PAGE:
Youth Forward scholarship 2016 – True Beauty

Name: HwiSoo Kim
From: Van Nuys, CA
Grade: 12th
School: Van Nuys High School
Votes: 0

The beauty of adversity is that it’s universal, and that its ubiquity
sprouts connections. Meeting next month’s rent is an obligation to
tenants of any race, religion, or sexuality. The troubled yet
familiar look, of eyes overworked from the strenuous effort to hide
pain, and the mind shaken from the unrelenting struggle to make ends
meet, resonates in my urban neighborhood.

Yet I look around and see happiness in its purest form, untainted by
worldly ornaments. It’s everywhere, especially in the “ghetto.”
Admittedly, the scene is hazy: unsettling police sirens 24/7, a heap
of “vagrants” and “suspicious characters” that our parents
have lectured us to avoid, and the putrid stench of urine and feces
on every other block. It’s the kind of setting that drives many
people away, particularly an 18-year-old craving escape.

Genuine happiness is found in my world, just on a deeper level — that is,
adversity is the source of our strength. Therein lies the ineffable
warmth and love that transcend all societal restraints. It’s found
in my mom’s feet, calloused from waitressing, causing her pain on a
nightly basis; in my sister taking a year off of school to help my
father’s business; in my neighbor and friend Bryan, a Salvadoran
immigrant, working 12 hour shifts to provide for his younger
siblings; and in all our families, fighting for each other.

I’m an immigrant kid from a densely populated urban community, writing my
own rags-to-riches story, only without the greenbacks. My interest in
law, originally sparked from a misconceived desire to find comfort in
financial stability, now burgeons through an understanding of myself
and the context of my beginnings. That my family and I received our
green cards recently doesn’t warrant forgetting about those trying
years, from the constant back-and-forth of submitting the required
legal forms or taking up loans to cover USCIS filing costs and
Immigration Attorney fees. We worked alongside each other, joined by
both hands and empathy, with every squeeze a reminder that we were
not alone. We’d turned an overarching problem for immigrants into a
family project. When one family member lost motivation, another drew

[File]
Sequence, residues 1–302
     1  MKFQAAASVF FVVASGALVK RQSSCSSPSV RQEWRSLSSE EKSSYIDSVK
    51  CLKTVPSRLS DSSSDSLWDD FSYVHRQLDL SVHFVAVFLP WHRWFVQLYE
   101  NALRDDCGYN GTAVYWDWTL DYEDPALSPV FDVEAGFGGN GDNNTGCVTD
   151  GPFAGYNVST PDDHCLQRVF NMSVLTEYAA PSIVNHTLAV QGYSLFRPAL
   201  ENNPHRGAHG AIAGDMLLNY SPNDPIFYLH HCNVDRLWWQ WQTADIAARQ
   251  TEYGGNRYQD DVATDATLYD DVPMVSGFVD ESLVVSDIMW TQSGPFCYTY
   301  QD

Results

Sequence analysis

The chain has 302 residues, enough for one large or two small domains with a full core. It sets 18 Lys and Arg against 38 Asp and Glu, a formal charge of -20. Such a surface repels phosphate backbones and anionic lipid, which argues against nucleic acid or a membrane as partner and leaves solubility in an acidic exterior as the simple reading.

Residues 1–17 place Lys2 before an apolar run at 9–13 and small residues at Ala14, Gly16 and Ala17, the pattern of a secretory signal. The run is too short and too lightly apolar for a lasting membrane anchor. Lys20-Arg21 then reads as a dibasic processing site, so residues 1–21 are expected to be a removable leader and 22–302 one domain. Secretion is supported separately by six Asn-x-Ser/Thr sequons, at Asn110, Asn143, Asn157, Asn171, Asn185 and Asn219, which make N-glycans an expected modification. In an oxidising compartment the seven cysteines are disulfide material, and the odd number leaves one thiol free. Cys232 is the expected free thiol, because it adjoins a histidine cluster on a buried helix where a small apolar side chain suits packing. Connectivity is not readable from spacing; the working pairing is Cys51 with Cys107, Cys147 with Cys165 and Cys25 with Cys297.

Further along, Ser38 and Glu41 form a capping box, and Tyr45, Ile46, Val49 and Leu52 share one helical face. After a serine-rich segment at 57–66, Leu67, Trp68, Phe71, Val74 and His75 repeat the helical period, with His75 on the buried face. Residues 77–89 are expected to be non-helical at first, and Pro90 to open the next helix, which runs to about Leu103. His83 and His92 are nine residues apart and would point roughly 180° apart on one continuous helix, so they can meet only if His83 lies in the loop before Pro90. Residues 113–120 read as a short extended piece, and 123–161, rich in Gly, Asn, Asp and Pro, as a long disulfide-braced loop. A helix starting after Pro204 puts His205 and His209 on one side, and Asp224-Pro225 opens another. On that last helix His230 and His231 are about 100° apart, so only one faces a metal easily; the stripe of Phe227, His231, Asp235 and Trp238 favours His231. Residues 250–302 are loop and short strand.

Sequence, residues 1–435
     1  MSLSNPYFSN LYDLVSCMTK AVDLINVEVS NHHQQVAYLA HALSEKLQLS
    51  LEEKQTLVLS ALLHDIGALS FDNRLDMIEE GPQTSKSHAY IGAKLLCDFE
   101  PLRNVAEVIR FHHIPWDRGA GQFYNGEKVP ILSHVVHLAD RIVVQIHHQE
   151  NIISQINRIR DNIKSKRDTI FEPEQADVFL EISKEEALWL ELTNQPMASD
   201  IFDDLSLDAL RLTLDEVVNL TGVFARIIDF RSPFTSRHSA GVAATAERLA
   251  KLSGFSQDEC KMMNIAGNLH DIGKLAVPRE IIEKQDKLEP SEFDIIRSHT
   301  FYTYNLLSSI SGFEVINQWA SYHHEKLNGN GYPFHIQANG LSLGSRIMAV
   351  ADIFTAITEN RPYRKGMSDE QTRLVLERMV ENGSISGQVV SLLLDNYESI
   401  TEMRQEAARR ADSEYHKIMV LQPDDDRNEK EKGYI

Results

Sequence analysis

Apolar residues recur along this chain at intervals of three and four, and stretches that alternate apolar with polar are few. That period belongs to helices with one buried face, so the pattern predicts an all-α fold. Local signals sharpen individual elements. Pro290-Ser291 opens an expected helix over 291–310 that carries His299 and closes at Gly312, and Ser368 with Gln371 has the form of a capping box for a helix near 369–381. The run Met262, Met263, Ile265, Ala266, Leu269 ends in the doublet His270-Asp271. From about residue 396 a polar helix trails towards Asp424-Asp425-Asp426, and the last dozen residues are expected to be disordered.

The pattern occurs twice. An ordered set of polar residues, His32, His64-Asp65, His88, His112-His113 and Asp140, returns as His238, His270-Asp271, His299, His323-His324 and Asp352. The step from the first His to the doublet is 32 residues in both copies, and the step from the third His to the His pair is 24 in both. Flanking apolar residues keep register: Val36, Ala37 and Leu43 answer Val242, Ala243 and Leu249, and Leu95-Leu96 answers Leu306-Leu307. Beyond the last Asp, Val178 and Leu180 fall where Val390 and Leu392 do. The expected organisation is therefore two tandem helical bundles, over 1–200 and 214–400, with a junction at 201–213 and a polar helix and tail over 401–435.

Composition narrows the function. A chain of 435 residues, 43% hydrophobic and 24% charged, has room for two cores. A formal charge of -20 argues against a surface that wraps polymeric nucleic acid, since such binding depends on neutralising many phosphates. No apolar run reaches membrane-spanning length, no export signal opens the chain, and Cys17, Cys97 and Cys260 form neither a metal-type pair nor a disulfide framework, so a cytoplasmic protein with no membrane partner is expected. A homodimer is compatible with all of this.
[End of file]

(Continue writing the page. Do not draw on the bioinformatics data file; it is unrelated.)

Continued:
up more. When one shed tears, another smiled brighter. After having
our Form-140, Immigrant Petition for Alien Worker, denied more times
than we could emotionally handle, we were absolutely beside ourselves
with joy when approved to be Permanent Residents.

Success, I’ve learned, bestows responsibility. Responsibility means staying
rooted and using the wisdom of experience to guide those
circumventing a roadblock one’s bested before. I live on a block
primarily dominated by undocumented immigrants. Yet, when I went
door-to-door to inform workers of their legal rights as part of a
local civic action project, I found that few even knew that they had
rights at all. I was livid to learn that a common mantra of
undocumented workers was “No complain. No trouble.” This meant
that these workers have already ceded the notion that they deserve to
work in safe, fair environments under safe, fair conditions. This
meant that workers were PREPARED to deal with exploitations and
remain silent. Upon sharing my frustration during the customary
end-of-program presentation, I realized something: I really care
about this issue. My parents had to fend off being taken advantage of
in their early years in the US, and even though I was too young to
understand that working 12 hours without being paid for overtime was
worker mistreatment at best and a violation of the Fair Labor
Standards Act at worst, I was overwhelmed with empathy, feeling my
parents’ fatigue and despair.

Too many voices are oppressed by fear and misinformation. Too many cannot
afford a qualified advocate to deal with expected employer
retaliation, after complaints are filed. If assisting Korean elders
with simple yet meaningful tasks, like translations and filling out
welfare forms, has taught me one thing, it’s that I can make a
difference. I want to translate my love for law to represent those
whose problems were once mine, whose voices are lost in the wind.
Spending my summer days interning at the nation’s top employment
and labor law firm only confirmed this direction.

Adversity has taught me to see the faces of loved ones in strangers. But most
importantly, it’s taught me that true happiness and profound
connections matter most.

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